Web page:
In addition to what others have said, pick hops that you use MOST frequently. I will add an addendum to that of "pick hops that you use most frequently as late additions"

Not much use in growing Magnum or high aa% hops as bittering hops unless you're willing to pay to have them tested. JMO.
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Old 08-09-2011, 10:41 PM   #9
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Originally Posted by Retrofit View Post
Not to start a fight but I disagree with jonk. It is as easy as picking what you want, few of us live in extreme environments.

Pick what you use plant it brew with it. I know a bunch of guys. Florida, midWest, and both coasts. They all grow hops just fine. Shrugs...
Pretty short grow season up there. It's always worth checking out what will grow best in your area no matter what you are growing. Of course you want to grow what you use the most of but having healthy plants and good yields is equally important. I'd also go with varieties that you use for flavor and aroma and not so much those you use for bittering. Since you won't be able to tell the AA of the hops you grow, it is a good idea to buy hops for bittering and use the home grown for flavor and aroma. That way you can still get somewhat accurate IBU calcs.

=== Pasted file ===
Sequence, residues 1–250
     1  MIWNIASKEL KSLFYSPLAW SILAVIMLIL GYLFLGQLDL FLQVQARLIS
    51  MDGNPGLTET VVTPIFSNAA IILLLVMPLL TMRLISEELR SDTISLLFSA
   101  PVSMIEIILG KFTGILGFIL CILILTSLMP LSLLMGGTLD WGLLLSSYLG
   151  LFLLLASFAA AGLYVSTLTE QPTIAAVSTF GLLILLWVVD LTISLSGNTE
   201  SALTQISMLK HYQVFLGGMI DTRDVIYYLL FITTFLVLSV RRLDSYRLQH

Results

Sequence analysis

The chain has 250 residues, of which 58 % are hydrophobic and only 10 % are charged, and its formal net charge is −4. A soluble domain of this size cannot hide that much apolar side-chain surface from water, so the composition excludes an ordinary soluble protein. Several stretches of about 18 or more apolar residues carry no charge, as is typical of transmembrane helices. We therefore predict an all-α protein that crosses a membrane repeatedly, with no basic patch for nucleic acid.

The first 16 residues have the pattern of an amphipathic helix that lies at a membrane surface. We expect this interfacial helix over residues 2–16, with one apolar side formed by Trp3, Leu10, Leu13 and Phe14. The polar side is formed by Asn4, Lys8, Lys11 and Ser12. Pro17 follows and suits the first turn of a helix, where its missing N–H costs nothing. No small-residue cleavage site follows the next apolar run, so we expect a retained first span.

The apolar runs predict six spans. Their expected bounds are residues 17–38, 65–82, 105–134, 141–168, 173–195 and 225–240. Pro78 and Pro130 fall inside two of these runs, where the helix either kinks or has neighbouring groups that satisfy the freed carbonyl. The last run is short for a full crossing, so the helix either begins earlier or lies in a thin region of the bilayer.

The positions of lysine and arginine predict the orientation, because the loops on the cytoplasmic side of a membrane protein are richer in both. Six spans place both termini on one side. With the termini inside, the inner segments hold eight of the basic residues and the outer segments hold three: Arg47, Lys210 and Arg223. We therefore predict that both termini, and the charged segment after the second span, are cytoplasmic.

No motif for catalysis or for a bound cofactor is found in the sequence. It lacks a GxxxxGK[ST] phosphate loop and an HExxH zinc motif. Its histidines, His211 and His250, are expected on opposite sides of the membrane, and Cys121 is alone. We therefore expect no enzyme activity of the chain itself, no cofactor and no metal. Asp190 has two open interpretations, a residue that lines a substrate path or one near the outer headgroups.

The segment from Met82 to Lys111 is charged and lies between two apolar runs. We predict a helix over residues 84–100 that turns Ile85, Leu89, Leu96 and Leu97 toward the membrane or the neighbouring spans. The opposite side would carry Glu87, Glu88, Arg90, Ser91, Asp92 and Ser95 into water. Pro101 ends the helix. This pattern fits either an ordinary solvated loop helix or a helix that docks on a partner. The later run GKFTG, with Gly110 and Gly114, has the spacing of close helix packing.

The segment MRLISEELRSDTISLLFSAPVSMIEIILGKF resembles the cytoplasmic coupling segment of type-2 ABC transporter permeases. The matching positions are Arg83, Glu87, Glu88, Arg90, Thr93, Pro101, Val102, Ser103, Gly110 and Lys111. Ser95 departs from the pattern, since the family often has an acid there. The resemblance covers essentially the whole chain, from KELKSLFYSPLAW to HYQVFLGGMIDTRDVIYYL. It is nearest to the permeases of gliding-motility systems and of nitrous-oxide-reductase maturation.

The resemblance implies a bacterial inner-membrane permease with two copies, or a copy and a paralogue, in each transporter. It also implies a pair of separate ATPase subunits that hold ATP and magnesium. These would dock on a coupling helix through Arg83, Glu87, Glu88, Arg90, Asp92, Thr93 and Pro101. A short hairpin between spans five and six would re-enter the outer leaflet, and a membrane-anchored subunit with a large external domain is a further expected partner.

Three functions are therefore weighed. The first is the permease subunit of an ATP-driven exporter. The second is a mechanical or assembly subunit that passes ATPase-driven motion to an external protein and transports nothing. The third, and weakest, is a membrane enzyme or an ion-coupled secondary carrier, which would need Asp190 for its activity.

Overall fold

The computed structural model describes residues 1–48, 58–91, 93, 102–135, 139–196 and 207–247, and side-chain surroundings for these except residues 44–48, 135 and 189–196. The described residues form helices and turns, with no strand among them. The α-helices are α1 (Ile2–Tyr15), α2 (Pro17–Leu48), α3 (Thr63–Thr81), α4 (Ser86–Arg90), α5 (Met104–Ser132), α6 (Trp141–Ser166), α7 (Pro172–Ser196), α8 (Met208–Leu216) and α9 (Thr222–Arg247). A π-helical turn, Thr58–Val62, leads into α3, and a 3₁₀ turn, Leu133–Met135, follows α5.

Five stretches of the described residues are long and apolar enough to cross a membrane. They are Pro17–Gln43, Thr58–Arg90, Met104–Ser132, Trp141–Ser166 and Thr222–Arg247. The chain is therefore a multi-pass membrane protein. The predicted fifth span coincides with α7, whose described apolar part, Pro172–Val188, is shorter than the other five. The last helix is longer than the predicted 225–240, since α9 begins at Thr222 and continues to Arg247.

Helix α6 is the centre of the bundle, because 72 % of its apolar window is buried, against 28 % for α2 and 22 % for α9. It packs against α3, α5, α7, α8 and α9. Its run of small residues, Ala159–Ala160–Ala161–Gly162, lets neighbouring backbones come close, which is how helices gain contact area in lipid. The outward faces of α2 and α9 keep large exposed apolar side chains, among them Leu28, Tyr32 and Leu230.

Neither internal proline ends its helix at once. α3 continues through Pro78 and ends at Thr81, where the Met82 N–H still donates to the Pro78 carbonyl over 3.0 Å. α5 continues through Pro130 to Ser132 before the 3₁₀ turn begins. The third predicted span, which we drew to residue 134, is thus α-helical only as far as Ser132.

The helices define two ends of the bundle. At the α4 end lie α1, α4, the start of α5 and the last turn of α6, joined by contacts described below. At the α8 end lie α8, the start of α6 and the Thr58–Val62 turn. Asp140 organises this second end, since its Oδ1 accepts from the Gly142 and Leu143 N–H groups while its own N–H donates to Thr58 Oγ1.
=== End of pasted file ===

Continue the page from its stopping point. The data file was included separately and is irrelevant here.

I went to a small brewpub called Rohrbachs up there near Rochester. If I remember correctly, they were growing hops. Might be a good resource and you might even be able to get some rhizomes for free.
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Old 08-10-2011, 12:55 AM   #10
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I agree with focusing on growing Flavor and Aroma hops because at least in my case I use more of those than anything. I grew some bittering hops too and the alpha acids seem to be proper enough. If you have the chance to grow six varieties grow at least one for bittering Clearly this will all be up to you but you will definitely want more flavor and aroma. I used 4 oz of cascade in one ten gallon batch.

Oh yeah! I got my rhizomes from freshops. I recommend them for sure

Best of Luck!!!